Constructive criticism never feels constructive. It feels insulting. You ask for feedback, and you wind up cursing your reader’s mother for birthing the moron in the first place: “I’ll show him ‘stilted’ and ‘contrived.’” So why did you ask for help? You ought to ask yourself that before sharing your work with others. If you go into any workshop setting (whether it be in person or on the web) hoping to receive panegyrics about your talent and potential, then you’re taking your work to the wrong place. Your mom would be better suited for that kind of job. But if you truly want feedback, get ready to have your feelings hurt. Here’s how to handle the ensuing wallops productively.
1. You don’t have to take every piece of advice offered. Some people will hate certain things about your art, while others will love those things. Take the advice you want, and leave the rest. The idea of a workshop is to receive feedback on what works and what doesn’t work in your piece. If one person claims your ending works, while nine people claim that it is “stilted” and “contrived,” you probably want to consider whether or not the ending needs revision. But if you are absolutely convinced the ending works, then go for it. It’s your work of art, not theirs.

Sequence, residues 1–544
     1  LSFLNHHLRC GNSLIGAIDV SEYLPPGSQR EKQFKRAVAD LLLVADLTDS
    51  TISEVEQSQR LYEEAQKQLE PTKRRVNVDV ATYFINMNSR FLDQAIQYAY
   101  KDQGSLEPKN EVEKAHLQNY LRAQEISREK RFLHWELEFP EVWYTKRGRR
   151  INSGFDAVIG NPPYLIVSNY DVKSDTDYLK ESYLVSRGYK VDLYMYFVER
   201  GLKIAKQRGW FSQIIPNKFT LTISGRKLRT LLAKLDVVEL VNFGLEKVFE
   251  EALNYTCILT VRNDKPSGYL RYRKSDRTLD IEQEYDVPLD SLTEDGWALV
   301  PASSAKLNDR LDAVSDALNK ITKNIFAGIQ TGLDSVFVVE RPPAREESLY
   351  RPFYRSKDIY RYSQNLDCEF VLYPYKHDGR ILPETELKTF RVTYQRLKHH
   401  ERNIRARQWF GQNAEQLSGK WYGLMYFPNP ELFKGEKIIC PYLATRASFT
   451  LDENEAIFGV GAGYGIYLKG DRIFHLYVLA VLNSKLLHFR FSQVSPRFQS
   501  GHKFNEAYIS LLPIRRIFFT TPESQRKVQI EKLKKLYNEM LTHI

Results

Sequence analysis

2. You need thick skin. People will hurt your feelings (sometimes intentionally). It doesn’t matter. Approach the workshop with a tactical mindset, and you might even find some useful advice in the nastiest of responses. On the other hand, you cannot learn anything if you’re struggling to decipher your peers’ comments behind a hazy screen of tears and self-pity. Buck up.
3. Do NOT defend your work. Listen to your peers’ responses. You asked for the criticism in the first place; thus, you have surrendered your right to be defensive. More importantly, if you deny yourself the opportunity to be defensive before presenting your work, you’ll be less inclined to formulate arguments against the criticism. Instead, you might actually listen and become a better artist.
It’s never easy to take criticism. But it’s absolutely necessary to improve your craft. Let’s summarize: take what you want, and leave the rest; don’t take criticism personally; and do not try to defend yourself. These three points will help you get the most you can out of peer responses. And seriously, if you only desire praise, take your work to someone who won’t critique it.